The Press Newspaper

Toledo, Ohio & Lake Erie

The Press Newspaper

The Press Newspaper


Everett “Pee Wee” Haas and his wife, Bertha, made sure their daughters and


grandkids grew up to be Detroit Tigers fans.

Maxine (Haas) Waters, the younger of Everett and Bertha's two daughters, lived in Florida in the 1960s, so Everett and Bertha took their older daughter, Liz, to Lakeland, Fla., every year for nearly four decades to watch the Tigers in spring training.

“They went to spring training for about 37 years, my mom and dad and Liz,” Maxine said. “They always took my kids — Cindy (Leffler) and Don, Rusty and Joe (Waters). I have a picture of Cindy and Don with Casey Stengel. I have upteen pictures of baseball players – some with Liz and some with the kids.”

Liz Haas was as passionate about the Tigers as you can imagine. In fact, if there was a sporting event on television, Liz was probably tuned in.

“She watched sports every day of the year - any sport,” said Maxine, 77. “If Detroit wasn't playing, she was watching somebody else. Liz loved sports. She was handicapped but she would forget she was crippled, because she did a lot. We took her to a lot of sporting events.”


Some people have what it takes, and some people don't.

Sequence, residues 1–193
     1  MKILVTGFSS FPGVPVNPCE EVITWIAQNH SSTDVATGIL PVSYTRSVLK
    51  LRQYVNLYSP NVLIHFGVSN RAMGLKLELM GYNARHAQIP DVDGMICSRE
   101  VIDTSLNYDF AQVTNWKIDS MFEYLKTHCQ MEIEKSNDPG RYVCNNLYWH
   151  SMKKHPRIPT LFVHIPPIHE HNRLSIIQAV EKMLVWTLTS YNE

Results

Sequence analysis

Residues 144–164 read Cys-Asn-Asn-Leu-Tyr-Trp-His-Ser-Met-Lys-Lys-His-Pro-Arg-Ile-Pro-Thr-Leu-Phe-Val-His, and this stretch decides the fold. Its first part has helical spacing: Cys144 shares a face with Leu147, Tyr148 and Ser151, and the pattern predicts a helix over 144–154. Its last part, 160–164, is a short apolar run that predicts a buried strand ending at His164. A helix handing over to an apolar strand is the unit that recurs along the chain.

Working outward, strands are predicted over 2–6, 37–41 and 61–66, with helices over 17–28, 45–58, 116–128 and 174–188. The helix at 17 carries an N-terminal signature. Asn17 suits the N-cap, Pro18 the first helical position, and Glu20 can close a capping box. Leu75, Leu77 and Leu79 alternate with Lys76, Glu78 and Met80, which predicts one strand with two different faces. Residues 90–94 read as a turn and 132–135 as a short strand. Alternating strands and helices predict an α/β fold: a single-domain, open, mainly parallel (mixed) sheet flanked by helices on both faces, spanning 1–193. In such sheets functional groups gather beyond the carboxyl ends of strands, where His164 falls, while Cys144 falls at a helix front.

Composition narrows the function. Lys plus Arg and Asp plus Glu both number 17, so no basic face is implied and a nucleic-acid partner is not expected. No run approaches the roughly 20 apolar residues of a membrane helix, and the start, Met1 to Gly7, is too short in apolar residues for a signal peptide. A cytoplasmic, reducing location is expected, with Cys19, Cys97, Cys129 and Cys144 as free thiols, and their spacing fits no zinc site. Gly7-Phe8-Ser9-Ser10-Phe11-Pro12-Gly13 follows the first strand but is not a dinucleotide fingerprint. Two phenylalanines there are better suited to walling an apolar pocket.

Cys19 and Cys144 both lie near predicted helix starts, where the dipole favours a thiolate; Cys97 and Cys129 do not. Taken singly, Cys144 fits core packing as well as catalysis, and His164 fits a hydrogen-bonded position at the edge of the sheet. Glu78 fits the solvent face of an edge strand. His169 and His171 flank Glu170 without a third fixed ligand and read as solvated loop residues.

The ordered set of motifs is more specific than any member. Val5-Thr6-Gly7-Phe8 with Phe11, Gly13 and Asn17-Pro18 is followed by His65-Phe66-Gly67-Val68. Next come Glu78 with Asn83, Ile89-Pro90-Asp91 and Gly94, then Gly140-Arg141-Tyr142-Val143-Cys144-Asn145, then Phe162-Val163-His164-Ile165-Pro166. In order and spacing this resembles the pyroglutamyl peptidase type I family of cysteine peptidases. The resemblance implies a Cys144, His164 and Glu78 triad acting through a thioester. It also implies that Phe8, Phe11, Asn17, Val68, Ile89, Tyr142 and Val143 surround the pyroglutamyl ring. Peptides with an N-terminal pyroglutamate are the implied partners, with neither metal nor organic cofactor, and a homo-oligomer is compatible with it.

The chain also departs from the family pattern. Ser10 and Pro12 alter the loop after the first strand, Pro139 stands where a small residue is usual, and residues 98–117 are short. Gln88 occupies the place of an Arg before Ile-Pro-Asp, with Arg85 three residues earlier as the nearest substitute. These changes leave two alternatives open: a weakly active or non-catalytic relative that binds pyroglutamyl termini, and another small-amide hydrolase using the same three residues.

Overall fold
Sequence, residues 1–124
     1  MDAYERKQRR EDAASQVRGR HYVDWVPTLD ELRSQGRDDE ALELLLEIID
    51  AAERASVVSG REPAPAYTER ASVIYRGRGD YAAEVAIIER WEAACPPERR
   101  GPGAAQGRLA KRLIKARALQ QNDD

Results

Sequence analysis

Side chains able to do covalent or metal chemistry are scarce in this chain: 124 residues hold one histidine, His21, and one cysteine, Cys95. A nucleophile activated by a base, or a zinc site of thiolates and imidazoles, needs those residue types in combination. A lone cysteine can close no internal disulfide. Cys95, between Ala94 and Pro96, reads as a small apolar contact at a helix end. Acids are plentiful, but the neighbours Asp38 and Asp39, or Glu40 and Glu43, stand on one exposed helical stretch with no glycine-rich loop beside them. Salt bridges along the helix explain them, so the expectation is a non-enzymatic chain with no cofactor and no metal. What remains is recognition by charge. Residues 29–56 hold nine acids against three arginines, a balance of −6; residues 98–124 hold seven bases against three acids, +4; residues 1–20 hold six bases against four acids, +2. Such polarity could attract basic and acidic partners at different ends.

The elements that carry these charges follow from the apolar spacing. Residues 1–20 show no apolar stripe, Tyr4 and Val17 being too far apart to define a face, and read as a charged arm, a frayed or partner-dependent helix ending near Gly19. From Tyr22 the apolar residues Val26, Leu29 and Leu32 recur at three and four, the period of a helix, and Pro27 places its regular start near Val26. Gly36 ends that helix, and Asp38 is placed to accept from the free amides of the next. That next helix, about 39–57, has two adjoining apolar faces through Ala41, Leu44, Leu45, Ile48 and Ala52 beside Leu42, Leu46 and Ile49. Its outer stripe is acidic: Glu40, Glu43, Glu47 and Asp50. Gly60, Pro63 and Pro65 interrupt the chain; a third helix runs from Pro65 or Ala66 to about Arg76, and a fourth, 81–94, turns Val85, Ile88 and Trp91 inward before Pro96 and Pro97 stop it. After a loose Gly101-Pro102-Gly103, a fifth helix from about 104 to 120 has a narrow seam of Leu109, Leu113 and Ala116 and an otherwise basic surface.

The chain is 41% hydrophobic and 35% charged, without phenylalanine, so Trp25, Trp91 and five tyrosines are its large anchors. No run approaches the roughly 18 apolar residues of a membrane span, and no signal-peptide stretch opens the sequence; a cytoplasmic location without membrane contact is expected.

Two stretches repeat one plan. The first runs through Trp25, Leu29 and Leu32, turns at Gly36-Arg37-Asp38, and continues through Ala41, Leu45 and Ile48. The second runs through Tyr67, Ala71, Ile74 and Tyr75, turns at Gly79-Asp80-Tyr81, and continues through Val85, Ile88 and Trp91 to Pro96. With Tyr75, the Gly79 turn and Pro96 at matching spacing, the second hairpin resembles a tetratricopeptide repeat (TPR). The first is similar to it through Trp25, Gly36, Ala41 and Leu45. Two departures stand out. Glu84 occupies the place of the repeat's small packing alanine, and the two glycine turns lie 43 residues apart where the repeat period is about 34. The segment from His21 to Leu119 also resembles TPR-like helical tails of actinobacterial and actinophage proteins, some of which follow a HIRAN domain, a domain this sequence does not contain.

Jodi Woessner had it – on the bowling alley, that is.

Woessner, an Oregon resident and a 1988 graduate of Lake High School, grew up hanging out in her father's bowling alley. John Woessner, who now lives in Texas, owned the eight-lane Deshler Lanes in Deshler, Ohio, when Jodi and her brother, Brady, were kids.

“We were basically there every other weekend,” Jodi recalled. “My brother bowled until his thumb fell off, but I get very bored if there is no competition. I'm not good with practice. If there's nothing to win at the end (I think), 'how boring is this?'

“I would bowl for an hour or so and then I would go play video games, and we could play those as long as we wanted. I was blessed with natural (bowling) talent, and I was more lazy about that practicing part than I should have been. But, I think I've done OK.”


The softball program at Clay is recognized statewide — similar to what the

                     Eryn Simon

baseball program established decades ago.

Let’s face it — Clay is a good school for diamond sports.

It was evident when Owens Community College coach Duane Latham stopped by the high school to help the softball players celebrate its defense of a City League championship and two seniors that will be playing for the Express next spring.

“It’s not only the quality of you guys as individuals, but the character of you guys compared to other programs that stand out,” Latham told the Clay girls, who were gathered for cake and soft drinks.

“I’m telling you it’s day and night and that’s based on the quality of the program that you guys display. You guys are A-plus in my book,” Latham continued.

“When we go out there looking, these are some of the things we look forward to in finding who will play — it’s not just what you do on the playing field. Success isn’t always represented in wins or losses but how you represent yourselves.”


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